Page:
John Quincy Adams
President of the United States from 1825 to 1829 / From Wikipedia, the free encyclopedia
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John Quincy Adams (/ˈkwɪnzi/ (listen);[lower-alpha 1] July 11, 1767 – February 23, 1848) was an American politician, diplomat, lawyer, and diarist who served as the sixth president of the United States, from 1825 to 1829. He previously served as the eighth United States Secretary of State from 1817 to 1825. During his long diplomatic and political career, Adams also served as an ambassador, and as a member of the United States Congress representing Massachusetts in both chambers. He was the eldest son of John Adams, who served as the second president of the United States from 1797 to 1801, and First Lady Abigail Adams. Initially a Federalist like his father, he won election to the presidency as a member of the Democratic-Republican Party, and in the mid-1830s became affiliated with the Whig Party.
John Quincy Adams
|6th President of the United States|
March 4, 1825 – March 4, 1829
|Vice President||John C. Calhoun|
|Preceded by||James Monroe|
|Succeeded by||Andrew Jackson|
|8th United States Secretary of State|
September 22, 1817 – March 3, 1825
|Preceded by||James Monroe|
|Succeeded by||Henry Clay|
|14th Dean of the United States House of Representatives|
April 22, 1844 – February 23, 1848
|Preceded by||Dixon Hall Lewis|
|Succeeded by||James Iver McKay|
|Member of the U.S. House of Representatives|
March 4, 1831 – February 23, 1848
|Preceded by||Joseph Richardson|
|Succeeded by||Horace Mann|
|United States Senator|
March 4, 1803 – June 8, 1808
|Preceded by||Jonathan Mason|
|Succeeded by||James Lloyd|
|Member of the Massachusetts Senate|
April 20, 1802 – March 4, 1803
|Born||July 11, 1767|
Braintree, Massachusetts Bay, British America (now Quincy)
|Died||February 23, 1848 80) (aged|
Washington, D.C., U.S.
|Resting place||United First Parish Church|
|Children||4, including George, John II and Charles|
6th President of the United States
Born in Braintree, Massachusetts, Adams spent much of his youth in Europe, where his father served as a diplomat. After returning to the United States, Adams established a successful legal practice in Boston. In 1794, President George Washington appointed Adams as the U.S. ambassador to the Netherlands, and Adams would serve in high-ranking diplomatic posts until 1801, when Thomas Jefferson took office as president. Federalist leaders in Massachusetts arranged for Adams's election to the United States Senate in 1802, but Adams broke with the Federalist Party over foreign policy and was denied re-election. In 1809, President James Madison, a member of the Democratic-Republican Party, appointed Adams as the U.S. ambassador to Russia. Multilingual, Adams held diplomatic posts for the duration of Madison's presidency, and he served as part of the American delegation that negotiated an end to the War of 1812. In 1817, President James Monroe selected Adams as his Secretary of State. In that role, Adams negotiated the Adams–Onís Treaty, which provided for the American acquisition of Florida. He also helped formulate the Monroe Doctrine, which became a key tenet of U.S. foreign policy. In 1818, Adams was elected a member of the American Philosophical Society in Philadelphia.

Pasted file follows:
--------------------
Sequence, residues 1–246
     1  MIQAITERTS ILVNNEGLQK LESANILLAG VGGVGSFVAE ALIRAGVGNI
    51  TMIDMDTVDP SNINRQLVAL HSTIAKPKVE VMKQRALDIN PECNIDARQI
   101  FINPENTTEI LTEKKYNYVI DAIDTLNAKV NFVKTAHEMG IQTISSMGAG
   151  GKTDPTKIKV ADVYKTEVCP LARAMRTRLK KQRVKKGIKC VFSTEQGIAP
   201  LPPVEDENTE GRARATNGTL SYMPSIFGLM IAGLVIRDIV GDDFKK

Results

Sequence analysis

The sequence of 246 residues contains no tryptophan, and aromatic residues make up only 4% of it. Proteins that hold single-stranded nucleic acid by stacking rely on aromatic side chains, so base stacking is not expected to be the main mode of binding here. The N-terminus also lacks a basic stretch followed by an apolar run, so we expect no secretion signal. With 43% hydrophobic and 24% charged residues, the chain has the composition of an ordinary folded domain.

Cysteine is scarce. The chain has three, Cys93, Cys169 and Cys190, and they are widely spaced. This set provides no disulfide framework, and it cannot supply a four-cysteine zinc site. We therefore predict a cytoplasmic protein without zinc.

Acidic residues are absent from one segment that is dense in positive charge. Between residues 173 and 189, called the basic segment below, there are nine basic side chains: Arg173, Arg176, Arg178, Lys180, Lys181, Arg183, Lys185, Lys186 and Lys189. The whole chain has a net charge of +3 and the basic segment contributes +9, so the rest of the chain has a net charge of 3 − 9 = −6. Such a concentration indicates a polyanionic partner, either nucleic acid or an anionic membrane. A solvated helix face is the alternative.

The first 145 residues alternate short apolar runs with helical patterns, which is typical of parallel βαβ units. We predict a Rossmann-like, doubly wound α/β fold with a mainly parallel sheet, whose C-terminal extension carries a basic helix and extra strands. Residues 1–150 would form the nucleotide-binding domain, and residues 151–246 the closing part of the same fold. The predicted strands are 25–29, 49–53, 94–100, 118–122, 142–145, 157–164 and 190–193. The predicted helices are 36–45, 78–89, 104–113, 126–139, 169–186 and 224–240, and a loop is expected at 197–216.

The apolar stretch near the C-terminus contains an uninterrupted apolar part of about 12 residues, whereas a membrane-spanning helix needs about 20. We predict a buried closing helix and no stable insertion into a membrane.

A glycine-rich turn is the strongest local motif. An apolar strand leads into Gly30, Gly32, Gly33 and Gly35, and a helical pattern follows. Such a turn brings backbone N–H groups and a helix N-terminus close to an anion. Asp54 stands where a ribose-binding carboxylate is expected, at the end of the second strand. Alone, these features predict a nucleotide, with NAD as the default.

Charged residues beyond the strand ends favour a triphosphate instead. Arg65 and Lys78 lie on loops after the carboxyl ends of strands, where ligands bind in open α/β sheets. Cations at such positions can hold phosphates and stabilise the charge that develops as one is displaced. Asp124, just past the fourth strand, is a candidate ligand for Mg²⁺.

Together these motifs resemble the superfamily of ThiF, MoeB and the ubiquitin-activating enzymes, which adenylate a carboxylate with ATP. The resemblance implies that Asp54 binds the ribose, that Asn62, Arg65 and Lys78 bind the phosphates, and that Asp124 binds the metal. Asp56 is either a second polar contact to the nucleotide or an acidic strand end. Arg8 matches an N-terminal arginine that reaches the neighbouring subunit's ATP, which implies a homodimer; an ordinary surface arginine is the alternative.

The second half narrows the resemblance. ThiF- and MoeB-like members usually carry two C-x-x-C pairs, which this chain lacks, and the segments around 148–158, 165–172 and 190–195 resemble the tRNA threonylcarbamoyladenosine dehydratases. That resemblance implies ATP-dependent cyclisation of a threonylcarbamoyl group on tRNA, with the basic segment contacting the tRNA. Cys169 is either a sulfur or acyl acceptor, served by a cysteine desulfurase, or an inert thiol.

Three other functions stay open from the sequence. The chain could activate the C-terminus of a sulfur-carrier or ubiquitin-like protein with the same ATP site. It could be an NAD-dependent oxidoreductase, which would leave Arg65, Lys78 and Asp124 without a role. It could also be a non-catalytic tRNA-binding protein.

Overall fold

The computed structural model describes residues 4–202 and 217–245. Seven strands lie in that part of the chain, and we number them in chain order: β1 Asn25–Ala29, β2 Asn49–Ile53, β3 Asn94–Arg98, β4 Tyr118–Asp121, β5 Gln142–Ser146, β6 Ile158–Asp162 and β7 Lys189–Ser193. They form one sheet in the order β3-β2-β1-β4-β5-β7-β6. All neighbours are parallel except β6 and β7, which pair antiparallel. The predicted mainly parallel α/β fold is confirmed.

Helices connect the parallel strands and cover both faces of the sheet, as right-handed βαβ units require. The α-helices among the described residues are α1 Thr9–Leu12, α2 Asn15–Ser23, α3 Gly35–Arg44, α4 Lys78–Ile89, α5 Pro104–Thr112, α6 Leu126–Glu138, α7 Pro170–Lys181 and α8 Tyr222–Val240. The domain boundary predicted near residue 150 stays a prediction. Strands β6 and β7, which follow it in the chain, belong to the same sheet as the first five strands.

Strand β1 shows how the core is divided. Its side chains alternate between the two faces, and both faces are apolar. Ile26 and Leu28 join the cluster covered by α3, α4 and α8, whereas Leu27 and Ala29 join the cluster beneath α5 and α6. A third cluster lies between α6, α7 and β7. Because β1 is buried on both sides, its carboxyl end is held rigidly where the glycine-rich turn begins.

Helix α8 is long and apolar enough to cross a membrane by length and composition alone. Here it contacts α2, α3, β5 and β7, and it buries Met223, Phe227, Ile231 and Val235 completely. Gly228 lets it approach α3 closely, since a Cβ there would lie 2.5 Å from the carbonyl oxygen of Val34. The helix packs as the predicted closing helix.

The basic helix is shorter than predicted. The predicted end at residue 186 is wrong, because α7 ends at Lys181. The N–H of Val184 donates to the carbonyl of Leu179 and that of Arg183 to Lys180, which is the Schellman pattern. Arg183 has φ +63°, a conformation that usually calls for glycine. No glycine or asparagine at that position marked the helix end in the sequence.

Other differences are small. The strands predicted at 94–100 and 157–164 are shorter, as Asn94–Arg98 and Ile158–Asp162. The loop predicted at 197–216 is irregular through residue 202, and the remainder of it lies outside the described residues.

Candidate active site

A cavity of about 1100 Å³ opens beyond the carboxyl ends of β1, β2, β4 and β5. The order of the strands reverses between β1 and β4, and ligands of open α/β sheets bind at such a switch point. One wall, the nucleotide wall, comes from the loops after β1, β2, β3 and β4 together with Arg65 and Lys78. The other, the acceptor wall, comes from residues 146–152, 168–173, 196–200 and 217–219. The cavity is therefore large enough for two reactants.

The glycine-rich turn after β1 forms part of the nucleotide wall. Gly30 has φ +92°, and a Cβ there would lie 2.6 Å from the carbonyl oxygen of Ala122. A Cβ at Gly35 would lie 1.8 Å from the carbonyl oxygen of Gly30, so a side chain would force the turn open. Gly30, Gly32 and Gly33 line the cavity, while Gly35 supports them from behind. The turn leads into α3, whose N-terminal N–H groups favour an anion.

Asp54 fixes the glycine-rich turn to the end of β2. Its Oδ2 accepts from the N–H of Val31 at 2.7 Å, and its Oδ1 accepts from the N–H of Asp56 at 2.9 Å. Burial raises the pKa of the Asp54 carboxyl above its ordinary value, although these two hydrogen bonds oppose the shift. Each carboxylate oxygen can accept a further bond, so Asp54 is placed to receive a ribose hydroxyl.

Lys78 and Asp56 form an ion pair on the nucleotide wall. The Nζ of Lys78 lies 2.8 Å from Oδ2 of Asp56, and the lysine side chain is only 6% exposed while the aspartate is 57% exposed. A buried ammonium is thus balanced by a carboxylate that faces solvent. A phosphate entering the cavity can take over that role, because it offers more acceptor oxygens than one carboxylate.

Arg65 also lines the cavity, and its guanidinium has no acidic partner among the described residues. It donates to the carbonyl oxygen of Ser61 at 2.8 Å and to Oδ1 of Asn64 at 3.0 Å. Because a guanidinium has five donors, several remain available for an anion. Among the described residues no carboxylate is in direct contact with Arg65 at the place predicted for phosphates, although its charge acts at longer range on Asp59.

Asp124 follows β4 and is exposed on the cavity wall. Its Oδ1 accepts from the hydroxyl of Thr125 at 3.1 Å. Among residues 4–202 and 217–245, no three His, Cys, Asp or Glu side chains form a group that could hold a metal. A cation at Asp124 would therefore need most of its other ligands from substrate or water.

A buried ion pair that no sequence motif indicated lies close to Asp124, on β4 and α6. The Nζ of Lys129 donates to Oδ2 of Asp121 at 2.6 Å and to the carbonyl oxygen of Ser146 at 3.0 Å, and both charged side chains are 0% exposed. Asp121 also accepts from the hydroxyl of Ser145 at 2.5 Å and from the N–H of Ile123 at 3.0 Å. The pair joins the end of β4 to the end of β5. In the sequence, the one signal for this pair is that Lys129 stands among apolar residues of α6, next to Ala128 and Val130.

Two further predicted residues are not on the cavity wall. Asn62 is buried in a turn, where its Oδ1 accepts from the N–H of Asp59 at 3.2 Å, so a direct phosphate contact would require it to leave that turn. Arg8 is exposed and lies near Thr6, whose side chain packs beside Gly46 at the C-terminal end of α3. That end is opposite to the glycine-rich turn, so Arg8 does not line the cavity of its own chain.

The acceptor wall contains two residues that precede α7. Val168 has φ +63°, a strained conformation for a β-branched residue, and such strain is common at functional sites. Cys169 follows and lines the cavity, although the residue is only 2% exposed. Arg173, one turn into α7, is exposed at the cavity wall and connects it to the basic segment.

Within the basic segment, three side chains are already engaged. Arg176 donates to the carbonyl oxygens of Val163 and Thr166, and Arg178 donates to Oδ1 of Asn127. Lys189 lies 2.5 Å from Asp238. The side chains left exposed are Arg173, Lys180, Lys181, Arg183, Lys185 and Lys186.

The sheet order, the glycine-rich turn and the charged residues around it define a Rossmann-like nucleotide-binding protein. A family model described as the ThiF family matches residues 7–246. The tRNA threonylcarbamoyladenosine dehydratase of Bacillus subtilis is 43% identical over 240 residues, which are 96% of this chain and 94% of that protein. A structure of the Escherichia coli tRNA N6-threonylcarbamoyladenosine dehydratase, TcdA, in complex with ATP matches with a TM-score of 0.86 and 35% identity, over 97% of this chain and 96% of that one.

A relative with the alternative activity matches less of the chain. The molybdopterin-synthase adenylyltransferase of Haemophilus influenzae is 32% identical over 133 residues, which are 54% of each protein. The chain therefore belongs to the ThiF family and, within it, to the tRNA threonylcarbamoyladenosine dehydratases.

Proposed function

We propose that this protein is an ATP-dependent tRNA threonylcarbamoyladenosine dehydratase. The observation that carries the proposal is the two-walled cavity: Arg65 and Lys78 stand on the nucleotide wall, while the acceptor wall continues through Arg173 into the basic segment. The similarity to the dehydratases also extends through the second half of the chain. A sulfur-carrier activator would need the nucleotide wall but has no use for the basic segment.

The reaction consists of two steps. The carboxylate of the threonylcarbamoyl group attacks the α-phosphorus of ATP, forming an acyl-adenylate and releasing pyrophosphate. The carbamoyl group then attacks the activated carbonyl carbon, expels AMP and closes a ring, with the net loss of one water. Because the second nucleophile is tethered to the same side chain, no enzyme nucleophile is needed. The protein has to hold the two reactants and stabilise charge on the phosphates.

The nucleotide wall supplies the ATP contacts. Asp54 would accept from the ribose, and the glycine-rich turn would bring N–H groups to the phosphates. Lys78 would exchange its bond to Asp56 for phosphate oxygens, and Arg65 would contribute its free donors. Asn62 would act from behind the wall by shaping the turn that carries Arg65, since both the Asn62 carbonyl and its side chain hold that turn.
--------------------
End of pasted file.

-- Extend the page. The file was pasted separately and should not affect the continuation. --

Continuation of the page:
Adams, Andrew Jackson, William H. Crawford, and Henry Clay—all members of the Democratic-Republican Party—competed in the 1824 presidential election. Because no candidate won a majority of electoral votes, the House of Representatives held a contingent election, which Adams won with the support of Speaker of the House Clay, whom Adams would go on to controversially appoint as his Secretary of State. As president, Adams called for an ambitious agenda that included federally funded infrastructure projects, the establishment of a national university, and engagement with the countries of Latin America, but Congress refused to pass many of his initiatives. During Adams's presidency, the Democratic-Republican Party split into two major camps: the National Republican Party, which supported President Adams, and Andrew Jackson's Democratic Party. The Democrats proved to be more effective political organizers than Adams and his National Republican supporters, and Jackson soundly defeated Adams in the 1828 presidential election, making Adams the second president to fail to win re-election (his father being the first).
Rather than retiring from public service, Adams won election to the House of Representatives, where he would serve from 1831 until his death in 1848. He remains the only former president to be elected to the chamber. After narrowly losing his bids for Governor of Massachusetts and Senate re-election, Adams joined the Anti-Masonic Party in the early 1830s before joining the Whig Party, which united those opposed to President Jackson. During his time in Congress, Adams became increasingly critical of slavery and of the Southern leaders whom he believed controlled the Democratic Party. He was particularly opposed to the annexation of Texas and the Mexican–American War, which he saw as a war to extend slavery and its political grip on Congress. He also led the repeal of the "gag rule", which had prevented the House of Representatives from debating petitions to abolish slavery. Historians concur that Adams was one of the greatest diplomats and secretaries of state in American history; they typically rank him as an average president, as he had an ambitious agenda but could not get it passed by Congress. By contrast, historians also view Adams in a more positive light during his post-presidency because of his vehement stance against slavery, as well as his fight for the rights of women and Native Americans.